California Priest Cleared in Sexual Misbehavior Case, Asked to Pay $20,000 to Plaintiff
India Abroad (New York)
April 15, 2005
Though a jury awarded $20,000 to a girl whose family sued two priests, including an Indian, and the diocese of Stockton in California, attorneys for the priests and the diocese hailed the award as a victory.
The award was for 'negligent infliction of emotional distress' on a ten-year-old girl. "It was for angrily shouting at the girl when she came with a complaint," Michael D Coughlan, who appeared for Father Francis Arakal, an assistant pastor at St Josephs Parish in Modesto, said.
The lawyer points out that the verdict exonerates Arakal of sexual misbehavior, as alleged by the family. "My client has been effectively cleared. He is a good, decent man, and I believe the jury has agreed with that. I am very happy for him."
The family asked for an unspecified amount in this civil case, but got merely a token award, Coughlan said.
Of the $20,000 jury award, Father Joseph Illo is due to pay 60 percent and Arakal 40 percent. "But there is no possibility of paying the money," said Vladimir F Kosina, who represented the diocese.
Kosina was referring to a law called 'loser pays', where the party that loses a lawsuit is bound to pay legal expenses to the winner. His argument is that since the charge of sexual misconduct was not accepted by the jury, the family lost and is now due to pay legal expenses to the priests and to the diocese. "We are entitled to get all the expenses. It means we need not pay anything," Kosina said.
George MacKoul, the family's attorney, agreed that the verdict was not for sexual misbehavior. But, he told India Abroad, he intends to file a motion to reconsider the case in San Joaquin County Superior Court, which had tried the case.
"This is a split verdict. The jury did not allow any damages. Anyway, I did my duty. I have no animosity to Father Arakal or anybody," he said. He also termed the family as very courageous to file a case against the church. "Because of that, the diocese has taken many steps to prevent such things in future."
Many people showed up in court in support of Arakal, 52, a Carmelite priest who came to the diocese in 2000.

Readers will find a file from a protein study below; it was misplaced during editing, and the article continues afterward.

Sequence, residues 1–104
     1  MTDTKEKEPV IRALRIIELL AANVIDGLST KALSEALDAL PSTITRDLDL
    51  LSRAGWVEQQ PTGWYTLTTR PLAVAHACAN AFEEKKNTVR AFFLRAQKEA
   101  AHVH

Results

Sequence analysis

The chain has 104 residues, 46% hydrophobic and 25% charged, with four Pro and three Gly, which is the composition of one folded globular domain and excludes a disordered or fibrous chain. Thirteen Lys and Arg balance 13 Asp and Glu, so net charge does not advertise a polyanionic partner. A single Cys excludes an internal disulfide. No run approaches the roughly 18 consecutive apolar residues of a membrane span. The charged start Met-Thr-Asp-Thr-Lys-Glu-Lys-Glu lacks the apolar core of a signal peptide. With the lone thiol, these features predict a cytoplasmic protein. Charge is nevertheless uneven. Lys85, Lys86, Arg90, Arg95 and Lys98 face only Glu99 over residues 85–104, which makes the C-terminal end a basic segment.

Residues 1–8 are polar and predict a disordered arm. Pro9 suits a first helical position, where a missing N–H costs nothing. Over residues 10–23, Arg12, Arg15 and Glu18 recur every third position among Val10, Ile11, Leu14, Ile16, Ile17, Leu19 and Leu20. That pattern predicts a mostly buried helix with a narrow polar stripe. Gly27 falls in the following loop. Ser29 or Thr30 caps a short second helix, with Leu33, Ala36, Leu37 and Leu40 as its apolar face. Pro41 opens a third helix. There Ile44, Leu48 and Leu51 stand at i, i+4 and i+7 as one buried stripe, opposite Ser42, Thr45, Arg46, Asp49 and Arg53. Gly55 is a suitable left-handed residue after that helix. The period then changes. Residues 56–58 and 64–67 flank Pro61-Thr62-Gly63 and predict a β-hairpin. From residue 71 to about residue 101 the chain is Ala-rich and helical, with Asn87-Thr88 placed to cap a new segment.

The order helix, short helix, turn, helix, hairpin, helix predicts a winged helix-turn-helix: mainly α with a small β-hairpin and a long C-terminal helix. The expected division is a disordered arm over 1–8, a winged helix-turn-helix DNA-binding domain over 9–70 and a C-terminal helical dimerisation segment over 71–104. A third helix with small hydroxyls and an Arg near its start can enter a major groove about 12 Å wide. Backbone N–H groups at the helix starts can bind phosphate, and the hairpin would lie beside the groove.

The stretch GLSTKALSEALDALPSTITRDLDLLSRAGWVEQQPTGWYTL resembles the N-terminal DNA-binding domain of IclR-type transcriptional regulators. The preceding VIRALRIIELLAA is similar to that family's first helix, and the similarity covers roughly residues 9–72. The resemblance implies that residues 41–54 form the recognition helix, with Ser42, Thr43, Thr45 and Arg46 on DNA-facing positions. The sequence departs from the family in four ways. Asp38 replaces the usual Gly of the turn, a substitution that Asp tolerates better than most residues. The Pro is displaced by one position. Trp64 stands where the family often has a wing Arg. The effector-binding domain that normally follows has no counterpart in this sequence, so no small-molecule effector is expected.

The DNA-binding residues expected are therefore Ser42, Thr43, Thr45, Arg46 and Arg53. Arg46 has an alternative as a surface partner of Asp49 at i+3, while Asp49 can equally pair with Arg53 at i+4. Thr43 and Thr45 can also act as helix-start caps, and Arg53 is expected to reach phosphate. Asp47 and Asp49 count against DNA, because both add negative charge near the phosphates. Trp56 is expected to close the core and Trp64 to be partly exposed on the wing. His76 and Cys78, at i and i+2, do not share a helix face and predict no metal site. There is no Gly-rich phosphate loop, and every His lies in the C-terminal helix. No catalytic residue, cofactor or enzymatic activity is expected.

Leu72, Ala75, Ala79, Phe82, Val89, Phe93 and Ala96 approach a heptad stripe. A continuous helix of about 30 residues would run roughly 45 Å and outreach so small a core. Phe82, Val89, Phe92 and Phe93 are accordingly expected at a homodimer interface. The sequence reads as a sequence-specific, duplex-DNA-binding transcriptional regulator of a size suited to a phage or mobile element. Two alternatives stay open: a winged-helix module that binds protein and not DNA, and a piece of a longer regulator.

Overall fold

The family's lawsuit alleged that Arakal inappropriately touched the then 11 - and 13-year-old sisters at their Hughson home in July 2001.
It charged that Diocese of Stockton officials and the pastor of St Joseph's, Illo, responded improperly when one of the girls told Illo about the alleged abuse of her sister September 11, 2001.
The family complained about these incidents to the church after several months. The diocese suspended Arakal immediately and handed over the documents to the Stanislavus County District Attorney.
"But the DA could not find any evidence for misbehavior, and the criminal complaint was dropped," Coughlan said. The family then went ahead with the civil case, which contained allegations like rape.
After the criminal case was dropped, Arakal was reinstated and the diocese supported him, though he had to employ an attorney for himself.
"Father Francis was caught in the middle of a feud," Kosina said. Explaining the sequence of events, he alleged the girls' mother had problems with her husband, and developed an attachment for Illo. She even wrote love letters to him, Kosina claimed. The priest was annoyed and asked her to move away from the parish.
Arakal visited the family thrice. Defense attorneys said the family misinterpreted Arakal's actions and may be striking out due to their hurt. They pointed out that the family might have misunderstood Arakal's habits, like taking off his shoes in their home or baring his belly to show he was satiated after a meal, because he comes from a different culture.
MacKoul, said when the younger daughter told Illo about Arakal's misbehavior towards her sister, he and Arakal called her a liar. Illo and diocesan officials began a campaign to force the family out of church activities and eventually out of the parish.
The older girl, who is now 17, testified during the trial that she has suffered depression and loss of faith over the incidents. 'Priests are supposed to be the image of Christ, and to be respected, and you could trust them. Now, I don't trust people, especially priests,' she said.
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